Intrauterine growth restriction (IUGR) is one of the most common problems in obstetrics. Its incidence is ranging between 3–10%, according to the type of study population and chosen criteria. The cutoff value mainly used for defining the IUGR is weight below the 10th percentile for gestational age. The minority of authors defines the cutoff value under the 5th or 3rd percentile. Any pathological interference with normal vascular development of placenta may have a critical impact on foetal growth and development. Ischaemia is the most common cause of IUGR in normally well-supplied placenta. IUGR is then a consequence of insufficient extension, branching, and dilatation of capillary loops during the formation of terminal villi.

This paper is a review focused on up-to-date-known data concerning changes in placental angiogenesis and their impact on IUGR development.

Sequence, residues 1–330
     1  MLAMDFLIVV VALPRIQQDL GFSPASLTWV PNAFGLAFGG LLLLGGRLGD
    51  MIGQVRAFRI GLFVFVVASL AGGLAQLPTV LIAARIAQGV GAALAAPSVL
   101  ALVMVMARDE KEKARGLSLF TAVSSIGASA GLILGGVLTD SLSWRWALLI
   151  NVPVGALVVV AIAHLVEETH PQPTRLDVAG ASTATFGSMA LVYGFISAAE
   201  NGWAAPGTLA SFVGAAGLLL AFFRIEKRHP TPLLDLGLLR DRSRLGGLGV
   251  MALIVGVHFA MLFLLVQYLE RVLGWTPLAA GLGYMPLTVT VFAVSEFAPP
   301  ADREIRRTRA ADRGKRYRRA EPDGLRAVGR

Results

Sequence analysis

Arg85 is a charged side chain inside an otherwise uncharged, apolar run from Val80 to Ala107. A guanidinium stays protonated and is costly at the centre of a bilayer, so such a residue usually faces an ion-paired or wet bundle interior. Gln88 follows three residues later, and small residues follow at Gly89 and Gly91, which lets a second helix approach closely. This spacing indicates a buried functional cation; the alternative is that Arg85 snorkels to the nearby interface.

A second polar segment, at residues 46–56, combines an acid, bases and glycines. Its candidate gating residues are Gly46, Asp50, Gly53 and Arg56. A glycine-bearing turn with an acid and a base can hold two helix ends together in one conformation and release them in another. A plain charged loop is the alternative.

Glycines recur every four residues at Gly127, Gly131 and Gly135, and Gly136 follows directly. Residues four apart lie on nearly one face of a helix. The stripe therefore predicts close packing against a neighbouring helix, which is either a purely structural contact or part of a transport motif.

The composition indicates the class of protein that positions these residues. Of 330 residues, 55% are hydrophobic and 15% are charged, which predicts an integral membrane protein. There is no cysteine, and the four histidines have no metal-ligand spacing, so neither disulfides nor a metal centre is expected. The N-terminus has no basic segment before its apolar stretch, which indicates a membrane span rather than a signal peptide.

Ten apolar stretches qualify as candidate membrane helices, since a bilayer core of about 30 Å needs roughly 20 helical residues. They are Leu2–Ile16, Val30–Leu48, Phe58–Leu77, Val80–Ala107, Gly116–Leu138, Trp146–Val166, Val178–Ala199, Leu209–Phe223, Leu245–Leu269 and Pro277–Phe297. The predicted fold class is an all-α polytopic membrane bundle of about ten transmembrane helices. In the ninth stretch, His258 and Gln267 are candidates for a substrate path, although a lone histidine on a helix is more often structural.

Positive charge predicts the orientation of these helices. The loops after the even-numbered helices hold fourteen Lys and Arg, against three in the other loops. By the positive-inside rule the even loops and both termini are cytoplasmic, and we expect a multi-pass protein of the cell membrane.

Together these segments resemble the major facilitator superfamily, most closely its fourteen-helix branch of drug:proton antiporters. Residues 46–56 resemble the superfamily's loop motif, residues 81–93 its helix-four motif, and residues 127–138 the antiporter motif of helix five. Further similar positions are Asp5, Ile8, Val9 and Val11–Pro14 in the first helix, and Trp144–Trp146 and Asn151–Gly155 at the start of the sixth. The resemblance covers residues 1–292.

The aim of this review is to summarize the knowledge concerning the mechanisms of development of the vascular supply to the placenta under physiological conditions and in conditions that result in IUGR.

intrauterine growth restriction, angiogenic factors, placenta, foetal weight, angiogenesis


The placenta is a unique organ that develops and is functioning only during pregnancy. It forms a physiological barrier between mother and foetus, serves to allow the diffusion of monosacharides, amino acids, hormones, vitamins, oxygen, carbon dioxide, water and other waste materials, provides the exchange of respiratory gases between the mother and the developing foetus, works as an excretory organ of foetus while releasing the nitrogenous waste materials into mother´s blood, manufactures fructose from glucose, and performs endocrine and immunological function [18]. Malfunction of placenta is responsible for a broad range of pregnancy complications. Foetal demands for diffusional exchange of blood gases and metabolites rise exponentially with progress of pregnancy, and disruption of development of maternal and foetoplacentar blood flow can result in severe pathological conditions or complicated placental vascular diseases resulting in low birth weight, preterm delivery, and increased perinatal morbidity and mortality [30].